Henk used to be the fastest toy in the toybox, at least before the rigours of age and an astonishingly vast pie supply turned him into a flabby plastic shadow of his former self. The nineties now a distant memory, along with his toy line, our corpulent hero sets out to prove that he's still got what it takes in 2014 by sprinting and sliding through a collection of twisted tracks at breakneck speed.
Such is the premise of Action Henk, a new Early Access title from Dutch developer RageSquid, which throws players headlong into an increasingly ridiculous gauntlet of loops, jumps, platforms and hazards. Boosting over a chasm one moment and sliding on Henk's ample behind the next, you'll need nerves of steel and a sense of humour to shave a few precious seconds off your friend's best time.
In effect it's a lot like Trials, a little like classic Sonic and a whole load of speedrun fun. To the extent that I found it physically difficult to prise myself away from its stand at the Develop Conference despite a pending appointment and Project Morpheus demanding my attention on the other side of the room. Sometimes you just know that an early access project is on the right track, and Action Henk is definitely one of them.Click here to read more...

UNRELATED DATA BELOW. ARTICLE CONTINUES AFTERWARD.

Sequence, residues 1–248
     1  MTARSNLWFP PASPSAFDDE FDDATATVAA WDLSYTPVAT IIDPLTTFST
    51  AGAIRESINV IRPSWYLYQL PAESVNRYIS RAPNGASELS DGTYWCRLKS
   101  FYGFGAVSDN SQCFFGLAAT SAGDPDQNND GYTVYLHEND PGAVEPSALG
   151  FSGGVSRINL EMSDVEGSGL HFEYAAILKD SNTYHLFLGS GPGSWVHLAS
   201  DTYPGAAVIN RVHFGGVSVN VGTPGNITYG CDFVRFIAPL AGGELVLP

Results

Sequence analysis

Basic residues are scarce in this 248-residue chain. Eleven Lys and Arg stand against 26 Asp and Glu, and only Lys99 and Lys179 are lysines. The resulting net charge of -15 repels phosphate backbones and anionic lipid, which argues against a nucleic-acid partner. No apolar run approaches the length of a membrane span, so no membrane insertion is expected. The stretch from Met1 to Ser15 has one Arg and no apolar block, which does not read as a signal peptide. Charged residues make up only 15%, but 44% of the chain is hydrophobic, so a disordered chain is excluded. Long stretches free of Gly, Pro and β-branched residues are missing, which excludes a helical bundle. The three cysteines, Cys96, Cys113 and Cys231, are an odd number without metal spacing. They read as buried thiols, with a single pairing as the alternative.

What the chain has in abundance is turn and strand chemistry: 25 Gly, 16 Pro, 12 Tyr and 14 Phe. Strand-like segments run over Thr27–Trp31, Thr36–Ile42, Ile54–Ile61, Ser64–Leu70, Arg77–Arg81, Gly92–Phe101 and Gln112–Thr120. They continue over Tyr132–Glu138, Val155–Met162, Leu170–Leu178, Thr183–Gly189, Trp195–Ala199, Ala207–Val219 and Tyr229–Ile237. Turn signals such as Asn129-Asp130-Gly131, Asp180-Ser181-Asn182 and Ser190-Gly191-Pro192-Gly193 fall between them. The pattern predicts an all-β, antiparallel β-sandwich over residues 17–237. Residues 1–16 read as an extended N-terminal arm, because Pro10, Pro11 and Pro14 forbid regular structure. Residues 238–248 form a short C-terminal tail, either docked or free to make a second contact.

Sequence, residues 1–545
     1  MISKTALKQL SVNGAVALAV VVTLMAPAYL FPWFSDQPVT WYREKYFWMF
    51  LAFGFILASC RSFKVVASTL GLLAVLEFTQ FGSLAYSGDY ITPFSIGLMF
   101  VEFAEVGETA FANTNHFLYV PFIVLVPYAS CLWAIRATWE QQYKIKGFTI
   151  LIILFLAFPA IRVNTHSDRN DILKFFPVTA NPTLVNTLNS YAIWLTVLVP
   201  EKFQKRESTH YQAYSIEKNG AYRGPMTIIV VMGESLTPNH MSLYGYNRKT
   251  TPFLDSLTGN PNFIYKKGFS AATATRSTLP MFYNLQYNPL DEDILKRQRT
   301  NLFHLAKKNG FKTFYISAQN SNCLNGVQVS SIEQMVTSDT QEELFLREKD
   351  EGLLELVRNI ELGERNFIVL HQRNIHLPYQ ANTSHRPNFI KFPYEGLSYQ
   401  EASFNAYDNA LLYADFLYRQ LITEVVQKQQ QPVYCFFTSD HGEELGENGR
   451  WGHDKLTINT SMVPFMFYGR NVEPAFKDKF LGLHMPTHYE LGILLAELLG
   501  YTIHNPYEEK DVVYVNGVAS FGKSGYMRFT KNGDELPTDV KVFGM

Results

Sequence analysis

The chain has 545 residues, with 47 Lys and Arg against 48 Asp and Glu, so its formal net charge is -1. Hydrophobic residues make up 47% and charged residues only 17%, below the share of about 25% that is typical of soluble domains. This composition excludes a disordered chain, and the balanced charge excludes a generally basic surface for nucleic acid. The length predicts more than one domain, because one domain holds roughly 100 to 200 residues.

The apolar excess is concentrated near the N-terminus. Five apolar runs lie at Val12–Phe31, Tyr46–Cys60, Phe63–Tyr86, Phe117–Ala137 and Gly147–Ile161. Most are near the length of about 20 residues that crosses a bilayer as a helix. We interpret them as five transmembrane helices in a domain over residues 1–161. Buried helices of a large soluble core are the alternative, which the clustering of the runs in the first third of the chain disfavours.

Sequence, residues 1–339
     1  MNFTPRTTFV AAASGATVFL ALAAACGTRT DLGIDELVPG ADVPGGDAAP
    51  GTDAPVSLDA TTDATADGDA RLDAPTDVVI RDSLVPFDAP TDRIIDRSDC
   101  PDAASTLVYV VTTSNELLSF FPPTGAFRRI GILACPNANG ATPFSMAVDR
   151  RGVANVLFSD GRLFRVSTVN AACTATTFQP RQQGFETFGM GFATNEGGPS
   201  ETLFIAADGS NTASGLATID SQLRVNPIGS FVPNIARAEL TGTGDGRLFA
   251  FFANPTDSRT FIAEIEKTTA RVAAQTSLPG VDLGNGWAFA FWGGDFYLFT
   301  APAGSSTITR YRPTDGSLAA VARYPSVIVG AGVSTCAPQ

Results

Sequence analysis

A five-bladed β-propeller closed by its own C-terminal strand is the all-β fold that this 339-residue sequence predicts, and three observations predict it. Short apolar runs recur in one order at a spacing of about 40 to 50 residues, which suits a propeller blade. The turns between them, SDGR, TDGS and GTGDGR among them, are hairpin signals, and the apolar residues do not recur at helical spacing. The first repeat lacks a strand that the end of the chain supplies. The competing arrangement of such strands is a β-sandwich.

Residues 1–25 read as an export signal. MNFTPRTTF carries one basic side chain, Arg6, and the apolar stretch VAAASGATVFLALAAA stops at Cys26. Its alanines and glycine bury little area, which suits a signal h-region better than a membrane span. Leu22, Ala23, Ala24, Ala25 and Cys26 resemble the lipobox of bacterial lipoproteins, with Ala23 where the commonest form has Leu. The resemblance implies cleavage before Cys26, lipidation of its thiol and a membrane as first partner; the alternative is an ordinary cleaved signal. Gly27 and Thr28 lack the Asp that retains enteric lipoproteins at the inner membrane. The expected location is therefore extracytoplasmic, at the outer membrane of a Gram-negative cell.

Our video introduction to Supraball went live yesterday, but that wasn't the first time the Dealspwn trio had dived into the upcoming FPSG. Today's episode of Game Night highlights the team's initial reactions and features their first full game of their favourite new eSport.
Highlights include Jon pretending to be John Terry, Matt mispronouncing Carl's in-game name, and Carl proclaiming himself to be the Tim Howard of Supraball. It's an episode you really won't want to miss.
Point & click adventure aficionados who don't own a PS4 or Vita can breathe a sigh of relief today, as Double Fine confirms that their Grim Fandango remake announced during Sony's E3 presser is also coming to PC, Linux and Mac at launch.Click here to read more...
Developer: Telltale Games
Decisions, decisions. We've made plenty of them during the last four episodes of The Wolf Among Us, some big, some small, some tough and others seemingly simple, but it's finally time to find out whether any of them really mattered in the long run. Everything rests on whether Episode 5: Cry Wolf can tie up the series in a satisfying and bittersweet fashion, while atoning for the stodgy pacing of the last chapter.